Photo by Andrew Coulter Enright
It appears that it’s only an illusion that New York City is being overrun by Midwestern hipsters, at least in 2005 anyway, according to a report released by Comptroller William C. Thompson Jr.
The city lost nearly 300,000 residents in 2005 to other parts of the country, while less than half as many people made the relocation from other parts of the country to New York City.
So only 150,000 people moved to New York City from other parts of the country in 2005. Wow. You’d think NYU would be responsible for that amount of people alone. Maybe the 300,000 New Yorkers that moved away are the coolest people ever and those that took their place are the most annoying ever. That might explain it.
Thompson’s analysis of domestic migration also found that “families earning between $40,000 and $60,000 annually were the most likely to leave the five boroughs,” confirming what most people know: the city is increasingly becoming a playground for the rich.
But Thompson’s number-crunching also presented a mixed outlook, finding that “those most likely to stay put are households earning $60,000 to $140,000 per year.”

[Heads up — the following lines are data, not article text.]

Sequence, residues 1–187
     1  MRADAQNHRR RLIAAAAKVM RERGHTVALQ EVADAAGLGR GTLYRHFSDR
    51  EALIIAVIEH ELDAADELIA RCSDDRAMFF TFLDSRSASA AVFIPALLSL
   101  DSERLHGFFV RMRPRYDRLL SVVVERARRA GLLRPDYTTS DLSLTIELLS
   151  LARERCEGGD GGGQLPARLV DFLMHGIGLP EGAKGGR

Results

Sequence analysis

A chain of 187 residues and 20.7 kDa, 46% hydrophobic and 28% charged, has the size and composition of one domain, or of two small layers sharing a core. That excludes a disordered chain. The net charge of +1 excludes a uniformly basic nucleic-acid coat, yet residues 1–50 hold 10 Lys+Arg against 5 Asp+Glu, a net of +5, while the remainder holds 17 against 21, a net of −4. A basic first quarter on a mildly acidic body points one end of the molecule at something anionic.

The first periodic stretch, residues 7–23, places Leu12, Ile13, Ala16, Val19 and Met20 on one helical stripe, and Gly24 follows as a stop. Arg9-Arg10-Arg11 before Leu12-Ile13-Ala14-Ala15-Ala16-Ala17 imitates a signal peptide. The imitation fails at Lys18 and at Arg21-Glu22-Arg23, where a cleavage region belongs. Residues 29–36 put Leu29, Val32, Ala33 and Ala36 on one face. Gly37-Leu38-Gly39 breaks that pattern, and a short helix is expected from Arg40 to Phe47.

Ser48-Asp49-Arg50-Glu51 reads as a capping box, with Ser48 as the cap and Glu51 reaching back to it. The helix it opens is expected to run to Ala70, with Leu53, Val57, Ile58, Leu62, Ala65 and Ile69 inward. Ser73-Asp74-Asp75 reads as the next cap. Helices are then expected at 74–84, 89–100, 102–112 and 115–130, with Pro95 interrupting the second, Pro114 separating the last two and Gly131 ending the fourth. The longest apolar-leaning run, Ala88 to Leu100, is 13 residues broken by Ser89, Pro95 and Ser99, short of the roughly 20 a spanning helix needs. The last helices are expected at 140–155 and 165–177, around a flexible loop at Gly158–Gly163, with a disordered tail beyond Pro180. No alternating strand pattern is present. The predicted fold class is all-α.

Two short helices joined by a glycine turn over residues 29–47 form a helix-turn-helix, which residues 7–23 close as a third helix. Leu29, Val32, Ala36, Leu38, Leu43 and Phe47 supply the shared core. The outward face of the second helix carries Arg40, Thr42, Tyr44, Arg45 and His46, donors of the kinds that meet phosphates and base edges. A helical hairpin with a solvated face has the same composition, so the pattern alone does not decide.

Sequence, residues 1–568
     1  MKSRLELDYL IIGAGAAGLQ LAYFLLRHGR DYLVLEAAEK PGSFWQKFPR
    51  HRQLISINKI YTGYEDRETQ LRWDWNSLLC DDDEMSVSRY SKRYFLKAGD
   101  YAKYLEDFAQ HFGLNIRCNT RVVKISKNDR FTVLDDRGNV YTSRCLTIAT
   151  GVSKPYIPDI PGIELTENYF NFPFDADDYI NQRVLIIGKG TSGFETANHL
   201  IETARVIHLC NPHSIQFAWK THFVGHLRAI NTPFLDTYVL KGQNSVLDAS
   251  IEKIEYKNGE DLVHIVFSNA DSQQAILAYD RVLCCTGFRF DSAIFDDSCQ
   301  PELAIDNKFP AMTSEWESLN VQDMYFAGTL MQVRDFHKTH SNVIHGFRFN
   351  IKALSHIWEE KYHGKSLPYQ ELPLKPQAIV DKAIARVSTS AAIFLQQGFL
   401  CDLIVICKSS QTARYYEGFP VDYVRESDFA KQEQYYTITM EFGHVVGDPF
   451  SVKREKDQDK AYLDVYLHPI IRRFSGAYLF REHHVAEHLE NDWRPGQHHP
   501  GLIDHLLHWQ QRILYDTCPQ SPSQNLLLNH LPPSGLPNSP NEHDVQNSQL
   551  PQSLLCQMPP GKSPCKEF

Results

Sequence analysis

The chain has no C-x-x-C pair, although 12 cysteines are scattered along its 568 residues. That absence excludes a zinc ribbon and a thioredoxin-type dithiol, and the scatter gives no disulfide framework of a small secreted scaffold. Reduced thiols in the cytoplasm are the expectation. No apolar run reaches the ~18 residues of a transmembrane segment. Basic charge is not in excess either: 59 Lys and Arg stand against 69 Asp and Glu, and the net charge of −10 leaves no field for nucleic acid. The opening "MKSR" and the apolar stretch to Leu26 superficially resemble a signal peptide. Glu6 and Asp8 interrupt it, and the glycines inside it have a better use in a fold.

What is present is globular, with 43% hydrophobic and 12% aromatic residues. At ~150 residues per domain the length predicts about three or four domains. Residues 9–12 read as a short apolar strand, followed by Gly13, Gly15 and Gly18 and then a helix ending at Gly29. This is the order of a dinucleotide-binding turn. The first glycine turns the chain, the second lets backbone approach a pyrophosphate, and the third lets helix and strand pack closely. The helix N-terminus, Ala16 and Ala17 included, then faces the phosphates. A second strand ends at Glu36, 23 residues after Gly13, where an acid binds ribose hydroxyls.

Other key findings:
* In 2005, about 4 percent of the city’s population “turned over,” not including natural population changes caused by births and deaths. At that rate, more than a one-third of the city’s population would change over the course of a decade.
* Migrants to New York City from the rest of the country are young, well-educated, and usually single. Almost two-thirds of the domestic migrants to the city in 2005 held a Bachelor’s or higher degree and about two-thirds were unmarried.
* About 40 percent, or 76,000, of the adults who left the city in 2005 had a BA degree or higher. When international immigration is factored in, approximately the same number of college-educated people arrived in the city that year.
* The average age of the heads of households who left the city was 40 years old, compared to almost 50 years for those who stayed.
* The average income of households who left the city in 2005 was $72,000, slightly higher than the $66,500 average of those who stayed.
* Moderate-income ($40,000 to $59,999 annual income) and higher-income households ($140,000 to $249,999 annual income) were most likely to leave the city, while middle-income ($60,000 to $139,999) and wealthy households ($250,000 and above) were least likely to leave.
* Black, White, Hispanic and Asian New Yorkers each left the city roughly in proportion to their share of the city’s population.
* Controlling statistically for other factors, households with young children were most likely to leave the city.
* People who were born in other states are more likely than native New Yorkers to leave the city, while foreign-born residents are less likely to leave.